Hanami

Plum_blossoms_in_Vancouver_3_crop
The beauty of plum blossoms up close

Whether you live in an area of the world that has noticeable seasonal changes or not, it can be very easy to take for granted the beautiful plants that surround us and the various changes they undergo throughout the year. From the sprouting of seeds to the blooming of flowers or the falling of leaves, many of us are in such a rush through life that we seldom stop and smell the roses, as the saying goes.

In Japan however, a key part of their culture is ‘mono no aware’ (物の哀れ) which is an awareness of the transience of things. It focuses on the impermanence of life and appreciating its fleeting beauty while also feeling a little sadness at this truth.

hanami-01
Enjoying a picnic beneath the beautiful blossoms

In modern day Japan this is celebrated throughout the seasons of the year with various festivals. One such festival that Japan is quite famous for, is the cherry blossom festival known as ‘hanami’ (花見), meaning ‘flower viewing’ in Japanese. Every spring, thousands of people gather to appreciate the blooming of the cherry blossoms, known as ‘sakura’ (桜). People will walk among the trees taking many photos, sit beneath the trees for picnics and even host parties in the evenings. 

cherry-blossom-japan-forecast-sakura-season-2019-when-where-visit3-1-iamaileen-dot-com
Typical Sakura forecast image courtesy of iamaileen.com

Hanami is such a popular tradition in Japan that there are even blossom forecasts for people to check so they can plan accordingly to appreciate the blossoms at their best.  These forecasts will estimate the optimal time for viewing the blossoms in full bloom as well as when they are past their peak or may not be open yet. With so many people wanting to share in the joy of blossom viewing, it is crucial that you plan ahead to secure your picnic or party spot beneath the trees.  

This time of year is so important to the Japanese people that the school and fiscal year actually begins in April unlike autumn time which is more commonplace in western countries. This is because the blooming of cherry blossoms is symbolic of new beginnings.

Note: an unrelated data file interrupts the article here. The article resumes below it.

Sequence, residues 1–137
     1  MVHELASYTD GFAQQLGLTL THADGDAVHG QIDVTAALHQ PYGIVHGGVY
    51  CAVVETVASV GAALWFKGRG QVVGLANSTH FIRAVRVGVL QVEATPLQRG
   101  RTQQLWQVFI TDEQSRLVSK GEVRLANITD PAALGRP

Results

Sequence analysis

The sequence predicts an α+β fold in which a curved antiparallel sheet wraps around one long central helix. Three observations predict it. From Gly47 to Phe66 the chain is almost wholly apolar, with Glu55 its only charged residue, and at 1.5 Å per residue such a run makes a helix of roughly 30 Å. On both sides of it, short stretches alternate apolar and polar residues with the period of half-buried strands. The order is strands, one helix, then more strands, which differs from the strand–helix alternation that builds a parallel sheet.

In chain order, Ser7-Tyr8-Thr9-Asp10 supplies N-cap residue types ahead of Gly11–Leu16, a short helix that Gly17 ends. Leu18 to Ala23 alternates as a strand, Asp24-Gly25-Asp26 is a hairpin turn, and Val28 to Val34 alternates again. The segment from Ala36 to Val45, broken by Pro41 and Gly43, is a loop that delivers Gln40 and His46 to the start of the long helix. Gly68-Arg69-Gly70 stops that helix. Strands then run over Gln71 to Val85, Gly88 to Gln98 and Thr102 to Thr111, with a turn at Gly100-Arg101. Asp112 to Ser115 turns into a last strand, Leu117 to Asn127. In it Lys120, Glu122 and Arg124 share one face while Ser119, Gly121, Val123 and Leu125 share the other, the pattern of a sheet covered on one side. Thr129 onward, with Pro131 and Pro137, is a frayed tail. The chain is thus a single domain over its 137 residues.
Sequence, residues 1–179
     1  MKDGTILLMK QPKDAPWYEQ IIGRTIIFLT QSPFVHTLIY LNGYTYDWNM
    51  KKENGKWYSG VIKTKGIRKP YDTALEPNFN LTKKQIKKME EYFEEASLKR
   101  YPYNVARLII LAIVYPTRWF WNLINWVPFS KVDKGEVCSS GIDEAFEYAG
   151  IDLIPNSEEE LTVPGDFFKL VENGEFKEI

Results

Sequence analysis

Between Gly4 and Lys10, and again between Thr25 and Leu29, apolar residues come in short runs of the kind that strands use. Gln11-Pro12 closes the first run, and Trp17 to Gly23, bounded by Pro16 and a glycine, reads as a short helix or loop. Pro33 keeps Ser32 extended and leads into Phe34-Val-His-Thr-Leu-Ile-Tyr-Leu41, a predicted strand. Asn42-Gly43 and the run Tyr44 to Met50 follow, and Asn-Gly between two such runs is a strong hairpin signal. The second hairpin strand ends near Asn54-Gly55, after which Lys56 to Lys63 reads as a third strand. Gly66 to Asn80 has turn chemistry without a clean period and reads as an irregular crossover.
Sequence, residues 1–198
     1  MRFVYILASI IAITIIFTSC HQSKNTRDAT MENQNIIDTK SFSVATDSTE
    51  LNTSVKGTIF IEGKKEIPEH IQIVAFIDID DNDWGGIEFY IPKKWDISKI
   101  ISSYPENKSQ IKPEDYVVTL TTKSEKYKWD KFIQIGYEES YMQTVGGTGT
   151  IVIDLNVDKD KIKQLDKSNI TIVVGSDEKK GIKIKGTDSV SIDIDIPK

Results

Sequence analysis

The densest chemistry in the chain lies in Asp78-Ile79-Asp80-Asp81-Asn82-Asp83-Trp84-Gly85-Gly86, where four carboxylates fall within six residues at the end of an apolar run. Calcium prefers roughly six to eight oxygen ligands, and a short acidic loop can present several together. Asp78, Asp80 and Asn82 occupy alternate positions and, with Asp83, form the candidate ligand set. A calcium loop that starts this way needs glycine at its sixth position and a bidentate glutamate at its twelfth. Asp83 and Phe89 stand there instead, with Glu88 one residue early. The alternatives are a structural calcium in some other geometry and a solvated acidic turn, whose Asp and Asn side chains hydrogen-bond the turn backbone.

People from all over the world travel to Japan to experience this festival and I can’t say I blame them. But we don’t have to live in Japan to appreciate the beauty of these blossoms, or of any plant life for that matter. The next time you are walking through the park or passing by some blossoming trees on the bus or train, take the time to appreciate their transient beauty.

One thought on “Hanami

  1. This is why some types of flowering cherry trees are common street trees in Japantown in San Jose. They do not do well there, and live only about thirty years or so, but they are traditional nonetheless. In Japantown, the flowering cherries are more traditional than the fruiting cherries of the formerly vast orchards that the Santa Clara Valley was once famous for.
    I recently wrote about two historic flowering cherry trees that I need to cut down this year. It will be a saddening event. I must even write obituaries for the trees.

    Like

Leave a Reply

Fill in your details below or click an icon to log in:

WordPress.com Logo

You are commenting using your WordPress.com account. Log Out /  Change )

Google photo

You are commenting using your Google account. Log Out /  Change )

Twitter picture

You are commenting using your Twitter account. Log Out /  Change )

Facebook photo

You are commenting using your Facebook account. Log Out /  Change )

Connecting to %s

This site uses Akismet to reduce spam. Learn how your comment data is processed.